Transforming Power

“Simon he surnamed Peter.” – Mark 3:16

In a gallery in Europe are shown, side by side, the first and the last works of a great artist. The first is very rude and most faulty; the last is a masterpiece. The contrast shows the results of long culture and practice. These two names are like those two pictures. “Simon” shows us the rude fisherman of Galilee, with all his rashness, his ignorance, his imperfectness. “Peter” shows us the apostle of the Acts and the Epistles, the rock firm and secure, the man of great power, before whose Spirit-filled eloquence thousands of proud hearts bow, swayed like the trees of the forest before the tempest; the gentle, tender soul whose words fall like a benediction; the noble martyr witnessing to the death for his Lord. Study the two pictures together to see what grace can do for a man.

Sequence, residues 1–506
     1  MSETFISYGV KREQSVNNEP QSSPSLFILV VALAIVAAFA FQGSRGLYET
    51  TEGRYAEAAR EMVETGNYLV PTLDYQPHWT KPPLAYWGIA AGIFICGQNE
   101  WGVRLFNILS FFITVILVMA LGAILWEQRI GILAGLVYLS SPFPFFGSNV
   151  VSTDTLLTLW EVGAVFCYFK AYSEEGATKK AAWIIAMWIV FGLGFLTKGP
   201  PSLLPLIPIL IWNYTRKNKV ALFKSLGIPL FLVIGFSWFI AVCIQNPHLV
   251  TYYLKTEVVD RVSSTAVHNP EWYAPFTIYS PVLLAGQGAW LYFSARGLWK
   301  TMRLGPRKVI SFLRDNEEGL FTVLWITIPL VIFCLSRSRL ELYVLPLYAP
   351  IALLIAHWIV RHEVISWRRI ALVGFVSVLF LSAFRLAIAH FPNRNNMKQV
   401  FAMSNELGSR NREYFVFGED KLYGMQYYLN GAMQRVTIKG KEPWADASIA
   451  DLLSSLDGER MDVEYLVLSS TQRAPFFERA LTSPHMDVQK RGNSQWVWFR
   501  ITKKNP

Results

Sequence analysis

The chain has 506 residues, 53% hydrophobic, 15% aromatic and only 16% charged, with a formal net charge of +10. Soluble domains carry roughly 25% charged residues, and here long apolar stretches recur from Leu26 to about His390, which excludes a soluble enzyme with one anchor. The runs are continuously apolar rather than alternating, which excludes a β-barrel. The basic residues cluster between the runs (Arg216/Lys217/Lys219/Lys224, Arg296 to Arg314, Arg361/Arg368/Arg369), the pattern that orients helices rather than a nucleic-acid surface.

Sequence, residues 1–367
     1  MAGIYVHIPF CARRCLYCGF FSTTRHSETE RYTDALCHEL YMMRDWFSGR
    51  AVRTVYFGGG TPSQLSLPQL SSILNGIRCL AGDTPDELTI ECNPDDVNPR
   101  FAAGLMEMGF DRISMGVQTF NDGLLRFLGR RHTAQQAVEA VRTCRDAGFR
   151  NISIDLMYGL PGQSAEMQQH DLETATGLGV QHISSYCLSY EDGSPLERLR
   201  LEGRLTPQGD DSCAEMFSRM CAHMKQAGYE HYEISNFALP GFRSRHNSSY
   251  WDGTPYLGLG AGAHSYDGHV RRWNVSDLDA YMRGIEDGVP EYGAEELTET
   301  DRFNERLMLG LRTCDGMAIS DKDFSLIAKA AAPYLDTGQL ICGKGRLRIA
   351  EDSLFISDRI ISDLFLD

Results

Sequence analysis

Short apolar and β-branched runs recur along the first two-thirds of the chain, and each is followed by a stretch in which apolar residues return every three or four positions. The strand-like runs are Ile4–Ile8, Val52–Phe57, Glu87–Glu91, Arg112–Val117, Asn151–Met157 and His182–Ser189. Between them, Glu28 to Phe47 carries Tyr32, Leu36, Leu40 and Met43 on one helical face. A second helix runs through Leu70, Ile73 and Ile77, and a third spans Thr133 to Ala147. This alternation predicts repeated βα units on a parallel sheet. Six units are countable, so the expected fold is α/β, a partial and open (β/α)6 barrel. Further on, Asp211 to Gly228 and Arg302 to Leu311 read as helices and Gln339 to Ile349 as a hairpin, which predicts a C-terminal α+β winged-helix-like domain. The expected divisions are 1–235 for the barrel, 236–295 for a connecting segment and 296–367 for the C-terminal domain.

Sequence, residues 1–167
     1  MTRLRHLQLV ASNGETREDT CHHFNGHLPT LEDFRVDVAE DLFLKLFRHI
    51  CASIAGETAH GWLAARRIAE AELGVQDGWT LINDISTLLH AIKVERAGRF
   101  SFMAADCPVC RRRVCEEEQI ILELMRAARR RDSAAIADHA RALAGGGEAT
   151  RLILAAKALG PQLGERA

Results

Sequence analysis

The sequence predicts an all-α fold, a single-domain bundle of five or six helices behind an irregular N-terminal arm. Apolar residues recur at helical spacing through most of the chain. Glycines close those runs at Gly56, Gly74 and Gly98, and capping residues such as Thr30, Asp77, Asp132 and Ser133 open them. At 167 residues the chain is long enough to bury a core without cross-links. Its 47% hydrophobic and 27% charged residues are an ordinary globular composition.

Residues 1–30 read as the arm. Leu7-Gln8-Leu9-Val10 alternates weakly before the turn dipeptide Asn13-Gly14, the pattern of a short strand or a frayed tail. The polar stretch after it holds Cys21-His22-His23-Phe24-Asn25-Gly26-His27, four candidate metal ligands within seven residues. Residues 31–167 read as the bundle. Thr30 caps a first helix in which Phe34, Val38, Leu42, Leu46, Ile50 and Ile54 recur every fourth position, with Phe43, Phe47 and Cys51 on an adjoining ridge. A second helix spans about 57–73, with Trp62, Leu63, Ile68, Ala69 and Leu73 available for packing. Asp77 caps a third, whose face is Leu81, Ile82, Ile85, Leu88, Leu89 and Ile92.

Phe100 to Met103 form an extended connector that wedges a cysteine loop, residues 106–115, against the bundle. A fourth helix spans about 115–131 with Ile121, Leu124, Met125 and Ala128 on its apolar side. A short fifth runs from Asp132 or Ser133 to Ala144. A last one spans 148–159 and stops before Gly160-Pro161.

It is not hard to take roses, lilies, fuchsias, and all the rarest flowers, and with them make forms of exquisite beauty; but to take weeds, dead grasses, dried leaves trampled and torn, and faded flowers, and make lovely things out of such materials, is the severest test of skill. It would not be hard to take an angel and train him into a glorious messenger; but to take such a man as Simon, or as Saul, or as John Newton, or as John Bunyan, and make out of him a holy saint or a mighty apostle – that is the test of power. Yet that is what Christ did and has been doing ever since. He takes the poorest stuff despised and worthless, outcast of men ofttimes and when he has finished his gracious work we behold a saint whiter than snow. The sculptor beheld an angel in the rough, blackened stone, rejected and thrown away; and when men saw the stone again, lo! there was the angel cut from the block. Christ can take us, rough and unpolished as we are, and in his hands our lives shall grow into purity and loveliness, until he presents them at last before the throne, faultless and perfect.